Iterate early and often.
In the early stages of creating a film, the creatives at Pixar iterate over and over again. Using the tool Pitch Docter, they will go through sometimes more than a hundred thousand storyboards to create a single film.
“If people are getting mad at each other, there is an opportunity to help.”
As a toolmaker, Johnson sees an opportunity wherever conflict arises. If there’s tension in the room, that means there’s a way to innovate with the tools that support the creative process.
“How can we make the users visibly better at their jobs?”
This is a question Johnson is constantly asking of himself. If he’s doing his job well and creating great tools, what they’ll ultimately do is make people look better.
PATRICIAN McCARTHY /// Founder, The Mien Shiang Institute
Patrician McCarthy, as founder of The Mien Shiang Institute, teaches the ancient Taoist technique of Medical Facial Diagnosis, or “face reading,” to the mainstream. McCarthy taught us how being self-aware and learning about our innate gifts and challenges can help inform our decisions and teach us how to better approach personal and collaborative situations.
Why “face-read?” Because we make things happen by knowing who are are.
How do you work best? What are you like when you’re collaborating, or when it’s time to execute your ideas? Our own faces can provide a deeper level of self-awareness.
“People in business don’t often rely on their natural gifts. They try to innovate like someone else does.”
Learn how you will be most effective, rather than replicating what’s worked for someone else.
“Facial Diagnosis” improves productivity in the workplace.
Tailor how you work with each coworker by making discoveries about their workstyle. Recognizing gifts and challenges will make for better collaboration and smoother execution.
Simon Sinek onstage at the 99U Conference. Image: James Ryang
SIMON SINEK /// Leadership Expert & Author, Start With Why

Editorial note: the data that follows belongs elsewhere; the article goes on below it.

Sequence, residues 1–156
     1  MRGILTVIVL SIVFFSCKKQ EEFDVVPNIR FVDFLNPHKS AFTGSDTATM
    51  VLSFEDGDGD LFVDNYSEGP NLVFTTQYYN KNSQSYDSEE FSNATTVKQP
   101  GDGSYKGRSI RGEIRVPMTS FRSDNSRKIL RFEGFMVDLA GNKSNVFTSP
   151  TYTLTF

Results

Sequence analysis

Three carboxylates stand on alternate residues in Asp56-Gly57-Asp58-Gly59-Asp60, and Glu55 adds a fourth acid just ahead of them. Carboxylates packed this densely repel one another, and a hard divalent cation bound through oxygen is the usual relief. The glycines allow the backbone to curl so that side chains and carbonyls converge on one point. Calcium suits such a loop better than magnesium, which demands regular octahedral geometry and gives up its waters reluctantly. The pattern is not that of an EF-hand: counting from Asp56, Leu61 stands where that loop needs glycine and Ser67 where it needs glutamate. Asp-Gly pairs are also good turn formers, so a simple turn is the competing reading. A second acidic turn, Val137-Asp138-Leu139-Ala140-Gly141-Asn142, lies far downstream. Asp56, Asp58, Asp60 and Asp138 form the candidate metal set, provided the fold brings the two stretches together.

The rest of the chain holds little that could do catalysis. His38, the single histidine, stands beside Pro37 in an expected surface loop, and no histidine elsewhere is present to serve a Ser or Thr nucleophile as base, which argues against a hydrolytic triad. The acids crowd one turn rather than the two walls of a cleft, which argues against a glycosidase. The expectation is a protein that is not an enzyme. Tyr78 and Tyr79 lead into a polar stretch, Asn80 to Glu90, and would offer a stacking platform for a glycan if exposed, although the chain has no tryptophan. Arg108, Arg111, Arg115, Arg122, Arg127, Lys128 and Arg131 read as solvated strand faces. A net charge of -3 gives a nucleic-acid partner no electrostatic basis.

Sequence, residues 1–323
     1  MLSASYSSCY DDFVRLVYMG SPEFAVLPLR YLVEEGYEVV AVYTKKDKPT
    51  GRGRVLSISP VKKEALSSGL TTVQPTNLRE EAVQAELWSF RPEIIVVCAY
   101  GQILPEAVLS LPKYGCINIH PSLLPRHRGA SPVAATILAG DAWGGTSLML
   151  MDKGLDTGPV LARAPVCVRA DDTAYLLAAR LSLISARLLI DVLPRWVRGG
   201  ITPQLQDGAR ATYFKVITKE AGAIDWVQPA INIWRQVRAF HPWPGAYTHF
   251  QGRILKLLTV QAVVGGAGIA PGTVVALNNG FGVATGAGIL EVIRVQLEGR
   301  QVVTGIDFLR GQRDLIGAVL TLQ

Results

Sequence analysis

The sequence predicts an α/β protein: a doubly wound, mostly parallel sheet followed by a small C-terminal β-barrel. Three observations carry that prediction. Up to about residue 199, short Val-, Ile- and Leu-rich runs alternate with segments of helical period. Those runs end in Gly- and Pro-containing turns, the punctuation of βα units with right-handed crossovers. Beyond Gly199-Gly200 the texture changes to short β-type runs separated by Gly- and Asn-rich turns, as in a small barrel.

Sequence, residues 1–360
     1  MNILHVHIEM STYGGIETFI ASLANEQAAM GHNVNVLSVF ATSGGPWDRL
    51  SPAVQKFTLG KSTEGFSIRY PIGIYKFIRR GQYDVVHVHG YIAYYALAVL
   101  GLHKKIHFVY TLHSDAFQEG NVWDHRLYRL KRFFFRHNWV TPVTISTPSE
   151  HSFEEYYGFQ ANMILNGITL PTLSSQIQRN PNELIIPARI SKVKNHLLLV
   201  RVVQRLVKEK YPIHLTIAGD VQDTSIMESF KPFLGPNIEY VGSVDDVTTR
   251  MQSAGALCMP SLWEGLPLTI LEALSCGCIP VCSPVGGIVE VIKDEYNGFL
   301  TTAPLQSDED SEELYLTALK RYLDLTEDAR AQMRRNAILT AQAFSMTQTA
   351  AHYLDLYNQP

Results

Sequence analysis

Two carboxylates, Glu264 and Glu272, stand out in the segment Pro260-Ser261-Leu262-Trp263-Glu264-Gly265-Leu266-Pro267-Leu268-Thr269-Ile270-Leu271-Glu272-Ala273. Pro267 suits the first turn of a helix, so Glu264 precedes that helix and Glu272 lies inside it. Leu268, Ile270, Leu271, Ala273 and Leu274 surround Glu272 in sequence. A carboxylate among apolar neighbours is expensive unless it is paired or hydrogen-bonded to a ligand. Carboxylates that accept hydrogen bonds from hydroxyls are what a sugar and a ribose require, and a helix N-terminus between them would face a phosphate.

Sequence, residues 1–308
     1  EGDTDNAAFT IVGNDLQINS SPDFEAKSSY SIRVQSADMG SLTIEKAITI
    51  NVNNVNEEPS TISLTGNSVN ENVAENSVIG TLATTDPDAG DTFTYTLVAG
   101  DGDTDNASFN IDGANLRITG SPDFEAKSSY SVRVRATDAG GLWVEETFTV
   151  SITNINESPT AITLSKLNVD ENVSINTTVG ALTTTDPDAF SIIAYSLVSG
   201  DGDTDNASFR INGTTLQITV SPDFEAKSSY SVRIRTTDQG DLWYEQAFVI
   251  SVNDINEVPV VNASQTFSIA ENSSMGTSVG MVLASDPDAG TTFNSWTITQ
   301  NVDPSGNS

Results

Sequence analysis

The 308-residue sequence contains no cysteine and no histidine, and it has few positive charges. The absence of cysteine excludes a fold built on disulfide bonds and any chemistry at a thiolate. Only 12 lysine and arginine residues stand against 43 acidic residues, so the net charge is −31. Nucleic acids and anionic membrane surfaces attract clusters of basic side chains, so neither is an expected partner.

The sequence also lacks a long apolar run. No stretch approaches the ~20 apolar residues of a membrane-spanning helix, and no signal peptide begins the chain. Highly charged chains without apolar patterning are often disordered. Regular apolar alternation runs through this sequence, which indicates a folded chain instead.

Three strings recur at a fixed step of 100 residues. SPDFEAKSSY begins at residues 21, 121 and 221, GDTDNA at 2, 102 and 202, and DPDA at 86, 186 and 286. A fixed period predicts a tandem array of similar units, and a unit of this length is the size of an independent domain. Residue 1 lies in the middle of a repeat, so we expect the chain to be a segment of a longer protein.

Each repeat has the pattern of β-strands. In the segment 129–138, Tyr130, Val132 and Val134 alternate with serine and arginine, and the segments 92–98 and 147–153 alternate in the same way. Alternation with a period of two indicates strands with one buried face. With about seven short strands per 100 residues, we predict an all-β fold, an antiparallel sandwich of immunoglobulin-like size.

An expert in communities and leadership, Simon Sinek studies why people do the things they do, and what makes some people so much more impactful than others. Sinek illuminated truths about how we make decisions, and how to stretch the limits of what we can achieve by forming communities we trust.
How we navigate the world depends on who we trust.
From mundane choices to major life decisions, we rely on advice and influence from the people we share common values with.
“We surround ourselves with the people, products, and brands that say something about who we are.”
Having preferences and making decisions actively puts out signals about who we are. These choices become identifiers, helping us find the people who share our values.
When we’re surrounded by people we trust and who trust us, we’re more willing to take risks and experiment.
Finding a situation conducive to risk-taking and exploration is the only way we can progress as a race; our very survival depends on it, Sinek says.
“If you don’t understand people, you don’t understand business.”
These tenets of trust and group dynamics are as important in business as they are in our personal lives. As Sinek says, “100% of customers are people. 100% of clients are people.”